• Use Ctrl+V or Cmd+V to paste the Callout node groups. Connect the Merge node with both CallOuts plugged into it into the Merge node you just made in between the MediaIn and MediaOut nodes, and now our footage and label are combined in the Fusion Clip.
  • Click on either Callout node group to get its individual controls to pop up in the Inspector, and you can adjust either label with the footage visible beneath them!


You may have noticed that there isn’t a Drop Shadow or Background for the Call Out like there was for the Subtitles. Here’s how you can add a Drop Shadow for your labels:

  • Hit Shift+Spacebar to bring up a node menu and type in “Drop..” to bring up Drop Shadow and add the node to the workspace.
  • If we try the same rationale as before, just inserting the Drop Shadow with a Merge node, unfortunately we’ll get disappointed because this doesn’t work right away. We’ve got to do some rearranging of our nodes first.
  • We need to make sure that the MediaIn node for our footage is the last node added into the network after the labels. So arrange your nodes such that Call Out1 is Merged with CallOut2 and so on for each label, then, the last Merge node all the labels combine with the MediaIn.
  • After you’ve done this, if the labels are no longer visible on top of the footage, you may need to switch the order. If you click and drag on the gimbal in the last Merge node or the MediaOut, you may find that the labels are indeed below the footage.
  • To easily and quickly swap the order in which these nodes are layered with the Merge node, select the Merge node and hit Ctrl+T (on PC) to swap the node order. The colored arrows entering the node tell you the order they are: yellow is bottom, green is top.
  • Now we can insert our Drop Shadow between the Merge node that combines all the labels, and the Merge node that combines the labels with the footage.
  • If you still have trouble with the labels or Drop Shadow showing up, try inserting a Background node set to white between the Label Merge node and the Drop Shadow node.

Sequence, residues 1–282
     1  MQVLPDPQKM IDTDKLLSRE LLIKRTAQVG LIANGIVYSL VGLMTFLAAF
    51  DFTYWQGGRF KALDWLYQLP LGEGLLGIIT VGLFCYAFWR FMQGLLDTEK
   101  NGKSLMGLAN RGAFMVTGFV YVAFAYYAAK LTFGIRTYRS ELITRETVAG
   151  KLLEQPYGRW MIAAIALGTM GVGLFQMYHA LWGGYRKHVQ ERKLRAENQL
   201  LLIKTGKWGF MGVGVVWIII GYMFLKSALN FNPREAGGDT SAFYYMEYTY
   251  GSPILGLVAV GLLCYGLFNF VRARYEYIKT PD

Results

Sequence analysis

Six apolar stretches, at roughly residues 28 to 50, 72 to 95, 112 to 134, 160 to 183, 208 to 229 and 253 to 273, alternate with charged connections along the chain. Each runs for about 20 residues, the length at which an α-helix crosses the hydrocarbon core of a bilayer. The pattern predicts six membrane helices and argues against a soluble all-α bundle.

Now for even MORE control over the label.

  • You might have noticed that the Call Out node actually looks like a stack of nodes, and that’s because it’s not one node, it’s a node group! If you double-click it, it will open and show you all the node parts that make it up.
  • We can gain instant access to the nodes that are animated by opening the Spline viewer. In the upper right of the Fusion UI, look for and click on “Spline”. This will open the Spline viewer, and we can see all the keyframes associated with this node group.
  • If you click on a spline point, you can change its interpolation to easy-ease by hitting “F”, and you can control the amount of easing of the KF by hitting “T”
  • If you navigate to the “Text” node within the “Call Out” node group, you’ll get some additional controls in the Inspector. A super useful one is “Write On”. Use the little diamond icon to the right of the slider to KF this effect.

If we open the node group for the CallOut, we can navigate to the Text node, where we can access all it's editable attributes in the Inspector in the upper right. Go to the Shading tab, under Shading Elements > Select Element set the number to '2', then Properties > Appearance and click the square icon to add a background to the label.


Lastly, you may be asking well how do I add a background to my label so it really stands out against the footage? Setting this up “by scratch” with basic nodes is a pretty involved process in Fusion that even gets into some coding. Yikes! Luckily there is a shortcut we can take by “hacking” our existing node setup, whew! 

  • Open up the Call Out node group and find the “Text#_#..” node. It should be connected to the last Merge node in this group and also connected to an Instance of itself. Click on this node to bring up its attributes.
  • In the Inspector attributes, go to the Shading tab. At the very top, you’ll see a drop-down menu for “Select Element”. Currently Element 1 is active and this is our text. We don’t want to add the BG here because it will essentially “take over” this element. So set the Select Element to “2” and now all the parameters we change will only affect this new element, the text will be left unchanged.
  • Under Properties > Appearance, we can click the second-to-last box and get our text background that dynamically changes with the text length. 
  • Adjust the Opacity and set the Level to “Line” so you don’t get gaps between characters or words.
  • Adjust the Extend Horizontal and Vertical, and the Round controls the corner rounding.
  • Play around with these settings and add more elements if you wish. Also don’t forget, just about all of this stuff is keyframe-able!
  • Have fun!

We hope you enjoyed this crash course on how to integrate text into your videos using DaVinci Resolve. Please let us know if you found this helpful by sharing it on social media, and if you'd like us to do more tutorials for making and editing surgical teaching videos, let us know what you'd like us to cover in future posts!


--TVASurg Team